Reading about a pandemic while living through it is not everyone’s idea of staying safe and well (as we’ve wished for each other so often this year). There was a patch in the summer, however, where things were looking up a bit, and reading in a hammock in the sun felt safe enough; perhaps everything would be alright again soon?
That’s when this book was published – August 2020.
In the eye of the storm this spring, writers around the world were recording what they thought, felt and saw. Translators around the world put their stories into English, and Restless Books published them. Together, they document a moment that felt unique, but by the end of this year now feels sometimes wearily familiar. We don’t know when and how this will end.
The contributors come from thirty countries; more from the States and Latin America than other places, but from every continent. They write
from “an island locked in on itself like a closed fist” (Shenaz Patel tr. Lisa Ducasse, Mauritius);
from Rumney Marsh, where “it took three years after the English settled for smallpox to claim its imperial toll” (Rajiv Mohabir, US/Guyana);
from Rome, “not the productive heart of the country but its administrative backside, so to speak. But will our lethargic streak keep us out of trouble as Italy cautiously reopens?” (Frederika Randall, US/Italy);
from Moscow, where “he kept singing and singing—vigorous, patriotic songs. He’d have loved to sing democratic ones, but there just weren’t any” (Maxim Osipov tr. Boris Drayluk, Russia);
from the beach, where “the crabs have sealed their caves with small pieces of mud. A-le can no longer tell which tiny mound is left by her monk crab.” (Wu Ming Li tr. Jenna Tang, Taiwan);
from two places at once, which has been particularly hard for many of us this year: “for many of my German friends, this was the first time in their lives they were experiencing such government-imposed restrictions. For me, the lockdown in Berlin, where I live now, brought back memories of the first Intifada” (Majed Abusalama, Palestine).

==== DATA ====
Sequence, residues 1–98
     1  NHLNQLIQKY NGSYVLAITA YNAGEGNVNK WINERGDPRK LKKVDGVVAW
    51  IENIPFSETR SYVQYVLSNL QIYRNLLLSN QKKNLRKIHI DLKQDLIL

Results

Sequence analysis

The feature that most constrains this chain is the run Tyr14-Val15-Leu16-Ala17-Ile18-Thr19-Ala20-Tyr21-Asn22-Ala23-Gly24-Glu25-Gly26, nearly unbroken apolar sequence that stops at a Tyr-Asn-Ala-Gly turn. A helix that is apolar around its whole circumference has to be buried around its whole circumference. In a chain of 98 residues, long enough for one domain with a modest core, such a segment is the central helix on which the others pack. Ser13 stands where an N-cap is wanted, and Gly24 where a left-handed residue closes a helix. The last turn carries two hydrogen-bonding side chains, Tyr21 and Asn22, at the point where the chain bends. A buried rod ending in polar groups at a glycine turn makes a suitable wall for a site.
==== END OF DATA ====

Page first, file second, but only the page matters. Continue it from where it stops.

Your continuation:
I can absolutely understand why you might not want to read this now. I’m in three book clubs and two of them have already said a firm no to reading anything pandemic-related. So what prompted me to read this book? Immanuel Kant’s questions, which have accompanied me throughout 2020:
“What can I know, what must I do, what may I hope?”
Reading books like this at times like this help me answer Kant’s first question, so I feel ready to face questions two and three. Reading about something helps to process it, to know what to do about it, what to hope for.
So do buy And we Came Outside and Saw the Stars Again. It’s a record of a moment that might help you or someone you know in other moments to come.
Other brilliant books that have helped me think and feel through the storm of this year are written in English – all but one published by Penguin:
Daniel Defoe’s A Journal of the Plague Year (1722)
Emma Donoghue’s The Pull of the Stars (Pan McMillan 2020)
Ali Smith’s Summer (2020)
Zadie Smith’s Intimations (2020)
And Boccacio’s Decameron (1348) translated by G. H. McWilliam is on my shelf for when I feel up to it. If you’re reading through this pandemic by reading about it, I’d like to know what you’ve discovered.
Kate, it should be pointed out — as not everyone will recognise the title as a quotation — that it is the final line of Dante’s ‘Inferno’ [canto 34:139] “E quindi uscimmo a riveder le stelle”. This adds poignancy to the pandemic as ordeal.